This sentence appears in Shakespeare's 'Romeo and Juliet':

Juliet: My ears have yet drunk a hundred words, Of thy tone's uttering, and yet I know the sound. Art thou not Romeo, and a Montague? Romeo: Neither, fair maid, if either thee dislike.

If 'either' is the subject, then why is the verb form 'dislike', not 'disliketh'? 'Thee' cannot be the subject here since the subjective form should be 'thou'.

Can anyone tell me the grammar behind this?

  • 1
    @sumelic The archaic third person singular of the verb 'like' is 'liketh'. The second person singular is 'likest'.
    – Li Xinghe
    Commented Sep 26, 2017 at 4:04
  • 2
    @LiXinghe Only in the indicative is the third-person singular marked; in the subjunctive, it is not.
    – tchrist
    Commented Sep 26, 2017 at 4:31
  • @tchrist Yes, that's the answer I guessed before. But I couldn't find any reason why it is the subjunctive here.
    – Li Xinghe
    Commented Sep 26, 2017 at 4:34

3 Answers 3


Caveat: I am not a Shakespeare scholar or any kind of expert on the language of this period. I feel fairly confident about my explanation in this post of the use of "thee", but not totally confident about my explanation of the use of "dislike".

The use of thee instead of thou: an old, now-archaic construction with the verb "(dis)like"

You are certainly correct about "thee" being in a non-nominative case, rather than the nominative case form "thou" that we would expect for the subject of a sentence.

However, the meaning does seem to be "if you dislike either" or "if either displeases you". We can tell this from the context, and this interpretation is also supported by the Oxford English Dictionary's entry on "like", which says that in the past, it could be used

. trans. To please, to be pleasing or agreeable to, to suit (someone). Now arch. Originally with dative. In early use also intr. with to, of, or till.

So, the usage of "like" has changed: we used to be able to say things like "it liketh me" or "me liketh it" to mean "I like it." Sebastian Redl left a comment pointing out that Shakespeare does use the word "like" in the modern way in many places.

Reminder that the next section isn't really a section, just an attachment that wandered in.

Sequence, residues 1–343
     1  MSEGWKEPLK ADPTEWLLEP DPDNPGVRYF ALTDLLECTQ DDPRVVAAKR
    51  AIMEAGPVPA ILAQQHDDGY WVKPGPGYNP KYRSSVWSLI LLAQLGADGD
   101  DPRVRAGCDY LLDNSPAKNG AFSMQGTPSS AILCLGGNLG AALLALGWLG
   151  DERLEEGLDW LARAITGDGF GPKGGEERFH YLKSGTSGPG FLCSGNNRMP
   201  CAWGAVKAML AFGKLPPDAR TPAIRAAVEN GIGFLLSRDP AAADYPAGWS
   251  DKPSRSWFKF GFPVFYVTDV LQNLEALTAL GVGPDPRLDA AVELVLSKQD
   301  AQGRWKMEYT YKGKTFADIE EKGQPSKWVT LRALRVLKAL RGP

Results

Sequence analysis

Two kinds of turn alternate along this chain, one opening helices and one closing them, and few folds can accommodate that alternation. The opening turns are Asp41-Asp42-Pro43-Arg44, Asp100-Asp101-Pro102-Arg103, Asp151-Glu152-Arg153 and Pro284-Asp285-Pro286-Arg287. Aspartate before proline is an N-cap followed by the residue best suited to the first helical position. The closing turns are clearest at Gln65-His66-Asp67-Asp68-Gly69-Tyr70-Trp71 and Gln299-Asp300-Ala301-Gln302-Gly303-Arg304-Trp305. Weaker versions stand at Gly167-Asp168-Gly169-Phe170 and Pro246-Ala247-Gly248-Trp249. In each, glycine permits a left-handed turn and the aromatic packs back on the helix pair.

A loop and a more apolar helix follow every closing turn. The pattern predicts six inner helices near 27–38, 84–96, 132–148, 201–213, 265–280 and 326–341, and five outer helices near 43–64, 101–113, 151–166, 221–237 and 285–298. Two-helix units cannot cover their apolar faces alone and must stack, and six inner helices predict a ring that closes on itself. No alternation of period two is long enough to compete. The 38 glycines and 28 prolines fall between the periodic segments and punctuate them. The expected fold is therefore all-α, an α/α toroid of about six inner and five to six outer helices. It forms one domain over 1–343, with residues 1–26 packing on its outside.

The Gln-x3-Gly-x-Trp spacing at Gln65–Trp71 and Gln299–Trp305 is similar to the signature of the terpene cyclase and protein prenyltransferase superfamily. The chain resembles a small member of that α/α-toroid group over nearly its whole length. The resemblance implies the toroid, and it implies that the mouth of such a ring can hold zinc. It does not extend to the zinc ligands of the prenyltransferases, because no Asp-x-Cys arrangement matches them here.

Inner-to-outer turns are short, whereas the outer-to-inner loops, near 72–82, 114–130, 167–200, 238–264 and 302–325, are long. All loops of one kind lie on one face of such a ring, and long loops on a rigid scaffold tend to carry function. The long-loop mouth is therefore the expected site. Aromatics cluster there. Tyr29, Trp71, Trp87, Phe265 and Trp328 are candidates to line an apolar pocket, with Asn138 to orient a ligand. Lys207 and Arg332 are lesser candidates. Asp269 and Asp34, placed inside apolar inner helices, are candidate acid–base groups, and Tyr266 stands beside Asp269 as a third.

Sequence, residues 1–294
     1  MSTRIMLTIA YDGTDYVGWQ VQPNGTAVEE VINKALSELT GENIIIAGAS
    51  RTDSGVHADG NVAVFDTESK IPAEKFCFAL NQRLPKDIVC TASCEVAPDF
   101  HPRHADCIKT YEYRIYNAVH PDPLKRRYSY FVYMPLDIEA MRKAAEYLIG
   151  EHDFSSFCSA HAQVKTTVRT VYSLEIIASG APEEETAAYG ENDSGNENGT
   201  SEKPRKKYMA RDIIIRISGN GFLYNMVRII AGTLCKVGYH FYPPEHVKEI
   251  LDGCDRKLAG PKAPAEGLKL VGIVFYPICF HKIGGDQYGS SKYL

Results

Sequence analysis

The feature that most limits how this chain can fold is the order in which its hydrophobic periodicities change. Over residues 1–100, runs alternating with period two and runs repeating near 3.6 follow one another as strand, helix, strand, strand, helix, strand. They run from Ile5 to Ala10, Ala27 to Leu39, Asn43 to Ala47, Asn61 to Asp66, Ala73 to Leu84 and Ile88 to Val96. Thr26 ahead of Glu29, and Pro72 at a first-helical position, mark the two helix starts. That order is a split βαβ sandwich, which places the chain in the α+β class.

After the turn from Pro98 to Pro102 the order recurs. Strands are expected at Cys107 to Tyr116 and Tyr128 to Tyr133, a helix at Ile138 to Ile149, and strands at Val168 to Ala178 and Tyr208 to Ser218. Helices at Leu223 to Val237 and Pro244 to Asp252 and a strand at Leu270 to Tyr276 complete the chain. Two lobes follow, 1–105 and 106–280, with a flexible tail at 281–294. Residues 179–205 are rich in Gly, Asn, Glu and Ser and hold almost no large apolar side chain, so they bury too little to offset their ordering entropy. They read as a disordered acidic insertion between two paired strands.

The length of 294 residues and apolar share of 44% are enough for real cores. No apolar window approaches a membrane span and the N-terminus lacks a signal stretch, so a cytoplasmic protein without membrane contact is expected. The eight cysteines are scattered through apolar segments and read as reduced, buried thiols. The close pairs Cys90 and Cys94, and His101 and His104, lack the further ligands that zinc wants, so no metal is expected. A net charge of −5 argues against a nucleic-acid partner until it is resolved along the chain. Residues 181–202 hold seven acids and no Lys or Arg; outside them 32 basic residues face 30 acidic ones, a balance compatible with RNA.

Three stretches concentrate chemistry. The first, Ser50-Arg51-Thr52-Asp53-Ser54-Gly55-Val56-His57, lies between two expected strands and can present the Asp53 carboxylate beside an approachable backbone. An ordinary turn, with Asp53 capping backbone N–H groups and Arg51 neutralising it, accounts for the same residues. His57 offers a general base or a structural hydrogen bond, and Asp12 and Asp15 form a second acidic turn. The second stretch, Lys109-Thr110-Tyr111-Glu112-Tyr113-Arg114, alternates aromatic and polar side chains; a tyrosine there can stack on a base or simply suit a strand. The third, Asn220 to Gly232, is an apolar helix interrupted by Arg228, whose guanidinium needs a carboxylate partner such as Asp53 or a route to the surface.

But I think there are also other examples of the old-fashioned construction being used in Shakespeare's work. I searched "Open Source Shakespeare" and found these (not a comprehensive list):

  • Claudius. It likes us well; / And at our more consider'd time we'll read, / Answer, and think upon this business. (Hamlet, II, 2, 1173-75)

  • Hamlet. This likes me well. These foils have all a length? (Hamlet, V, 2, 3907)

  • Sir Thomas Erpingham. Not so, my liege: this lodging likes me better, / Since I may say 'Now lie I like a king.' (Henry V, IV, 1, 1859-60)

  • Cassio. I'll do't; but it dislikes me. (Othello, II, 3, 1178)

My guess is that it may have been a construction that was on its way out already in Shakespeare's time (like the use of "thou" and "thee"), so he used it inconsistently, and more often in passages with other somewhat old-fashioned language. I actually can't find any use of "liketh" or "disliketh" in Shakespeare: these forms may have already been relatively archaic in his time. I believe the use of -(e)th instead of -(e)s at this point was more common for the auxiliaries "doth" and "hath" than for ordinary verbs. (For comparison, Shakespeare did use the word "wanteth", but not very frequently: Open Source Shakespeare turns up only six examples of wanteth compared to around 33 examples of wants as a verb. It seems possible that some of Shakespeare's use of -eth on non-auxiliary verbs was often motivated by considerations of scansion, as mentioned in Tim Lymington's answer and Peter Shor's comment below it.)

This is actually, I believe, a sort of construction that exists across the Germanic languages, and there are various ways to interpret it. ("Methinks" is another example.) The OED entry suggests that it is a transitive verb taking a dative object; however, in languages like Icelandic, similar verbs are analyzed by some linguists as having what is called a "quirky subject" that is not in the nominative case, but that nevertheless plays the syntactic role of a subject (although it does not trigger agreement on the verb: the verb agrees with the noun phrase in the nominative case). The "quirky subject" analysis is fairly complicated, and also disputed, so I don't think I can explain it any better than that.